Presentation of results by the research association on November 13th, 2009

Panel 2: Does ‘social’ mean creating jobs? Changing patterns of participation and new insecurities

Even after the transformation social participation is mainly realised by labour force participation. The changes taking place are not sufficiently covered by the observation of increasing systemic unemployment or the rise in atypical employment. Only a longitudinal section examination shows the decreasing social significance of normal employment (existence-securing wages, permanent full-time employment) in the ‘Fordist’ style.

On the level of individual curriculae vitae, the classic patterns of Fordist labour integration are becoming less common. Full-time employment once typical for males – usually without interruptions by unemployment or domestic work – is decreasing. However, on a lower level, it remains the dominant pattern amongst men in West and East Germany. The complementary pattern of female family work – with only short periods of employment, rarely in the shape of full-time employment – is quickly losing its importance amongst West German women, whereas for East German women it has never been typical in the first place. However, for West as well as for East German women the supplement income model – relatively continuous part-time work, interrupted by short phases of domestic work – is increasing so that the occupational trajectories of East and West German women are converging.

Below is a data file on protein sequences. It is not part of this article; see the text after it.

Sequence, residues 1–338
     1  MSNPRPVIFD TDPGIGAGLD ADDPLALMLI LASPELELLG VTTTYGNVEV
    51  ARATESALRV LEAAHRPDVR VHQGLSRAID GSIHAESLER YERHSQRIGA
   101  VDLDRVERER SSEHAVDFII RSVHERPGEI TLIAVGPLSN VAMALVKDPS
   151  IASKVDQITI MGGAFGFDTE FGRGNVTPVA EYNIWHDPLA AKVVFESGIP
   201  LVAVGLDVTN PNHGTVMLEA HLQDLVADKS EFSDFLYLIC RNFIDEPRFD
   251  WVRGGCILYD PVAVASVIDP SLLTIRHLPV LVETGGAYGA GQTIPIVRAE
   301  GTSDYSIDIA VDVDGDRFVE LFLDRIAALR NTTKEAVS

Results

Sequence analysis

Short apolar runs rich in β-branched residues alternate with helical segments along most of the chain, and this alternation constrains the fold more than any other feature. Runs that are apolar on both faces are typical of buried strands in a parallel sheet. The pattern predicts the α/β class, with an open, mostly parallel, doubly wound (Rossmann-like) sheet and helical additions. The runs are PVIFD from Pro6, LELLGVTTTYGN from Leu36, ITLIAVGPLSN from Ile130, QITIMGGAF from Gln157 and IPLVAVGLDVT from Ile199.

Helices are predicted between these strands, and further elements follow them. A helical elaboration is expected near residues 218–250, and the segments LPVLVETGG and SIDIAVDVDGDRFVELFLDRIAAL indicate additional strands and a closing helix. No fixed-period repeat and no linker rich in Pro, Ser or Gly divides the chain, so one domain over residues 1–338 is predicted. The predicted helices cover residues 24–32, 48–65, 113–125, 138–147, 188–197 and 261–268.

Looking beyond the changes of classic Fordist patterns one can observe – especially in East Germany – a marked increase in precarious working careers – with little continuity of employment, large chunks of time without employment and unemployment respectively. These findings are confirmed by a look at the employment system’s macro level where ‘zones of participation’ developed varying from secure full-time employment up to permanent exclusion from any employment whatsoever.

Lecture (German)
Sabine Fromm: Sozial ist, was Arbeit schafft? PDF